Family locked out of home by sheriff say they had no notice

Premises repossessed by Dublin County Sheriff acting for EBS Building Society

For almost two weeks, Ventsislava Lyubenova, her husband Ivaylo Siromashki, and their son, Angel (10) have been locked out of the apartment they had rented since 2009 in Blanchardstown, west Dublin.

On the afternoon of November 20th, Mr Siromashki returned home to find the locks changed and a notice on the front door saying the property had been repossessed by the Dublin County Sheriff, on behalf of the EBS Building Society. "Please do not enter the premises as it is an offence," it said. Beneath, a phone number for O'Dwyer Property Managers was provided.

Ms Lyubenova said they received no notice that the property was being repossessed. Her husband called her and she “went straight away” to the Garda.

“They called ODPM and came back to me and said I had to contact a solicitor. It was a civil matter not a criminal one,” she said. “I tried calling the landlord but he didn’t pick up the phone.”


She said she then called the sheriff. “They said I should contact the solicitor for EBS and gave me the number.

Nowhere to go

“I talked to a lady there and first she said they did not know there was a tenant. I told her the tenancy was registered with the

Private Residential Tenancies Board

. I told her I had a 10-year-old boy and we had nowhere to go. She said then we should have received a notice about the repossession. I told her we were not notified at all.”

She contacted solicitor Brendan Maloney, who advised her that while he would like to go into court seeking an injunction against the eviction, the PRTB would have to adjudicate first on the legality of the eviction.

Under the Residential Tenancies Act, disputes in the private rented sector must be adjudicated on first by the PRTB and cannot come before a court until then. She has opened a dispute process with the PRTB and has been told her case is an “emergency” and will be treated as such.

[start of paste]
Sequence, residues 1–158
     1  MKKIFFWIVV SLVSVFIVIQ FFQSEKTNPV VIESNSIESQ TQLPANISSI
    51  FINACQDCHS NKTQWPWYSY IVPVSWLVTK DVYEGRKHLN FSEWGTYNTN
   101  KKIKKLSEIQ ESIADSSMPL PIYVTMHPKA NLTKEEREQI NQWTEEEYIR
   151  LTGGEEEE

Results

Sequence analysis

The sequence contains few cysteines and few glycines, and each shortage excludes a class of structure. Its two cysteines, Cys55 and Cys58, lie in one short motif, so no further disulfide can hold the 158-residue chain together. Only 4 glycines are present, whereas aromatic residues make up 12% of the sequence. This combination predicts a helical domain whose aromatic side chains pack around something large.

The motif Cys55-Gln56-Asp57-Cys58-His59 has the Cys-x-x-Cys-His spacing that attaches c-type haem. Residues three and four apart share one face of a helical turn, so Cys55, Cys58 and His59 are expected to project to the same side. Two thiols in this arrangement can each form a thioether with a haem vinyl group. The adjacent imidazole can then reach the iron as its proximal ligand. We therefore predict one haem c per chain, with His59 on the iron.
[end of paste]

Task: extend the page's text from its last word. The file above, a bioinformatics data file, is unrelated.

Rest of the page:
They have not been able to retrieve anything from the apartment since November 20th.

“Not even our ID, passports. We have had to borrow clothes, buy some.

"It is so humiliating. I have been in Ireland for 12 years. Angel is an Irish citizen. All we want to do is pay rent and live our lives. How can this happen in Ireland in the 21st century?"

Ms Lyubenova said she and her husband, who are originally from Bulgaria, never missed a rent payment and always had good relations with the landlord.

Skin condition

Asked where the family has been sleeping, she says they spent the first night in their car. “I didn’t think I could cry anymore,” she said.

Angel has a skin condition which has flared up since November 20th. He has been referred to a child psychologist.

They are now staying with friends in Celbridge – 20km away from Angel’s school.

He is “pretty sad” about not being able to go home, he says.

The Dublin County Sheriff’s Office confirmed it took possession of the property, which it said was vacant at the time, on behalf of the EBS. It said solicitors for the EBS confirmed there was a tenant in the property who was on notice of the proceedings.

A spokesman for the PRTB said: “The board is currently liaising with solicitors for both parties to see if this matter can be resolved quickly. Our legal advisors are also considering our legal options as we take the matter and the impact on the tenants very seriously.”

The EBS said it could not comment on individual cases.

O’Dwyer Property Managers referred all queries to the EBS.

Kitty Holland

Kitty Holland

Kitty Holland is Social Affairs Correspondent of The Irish Times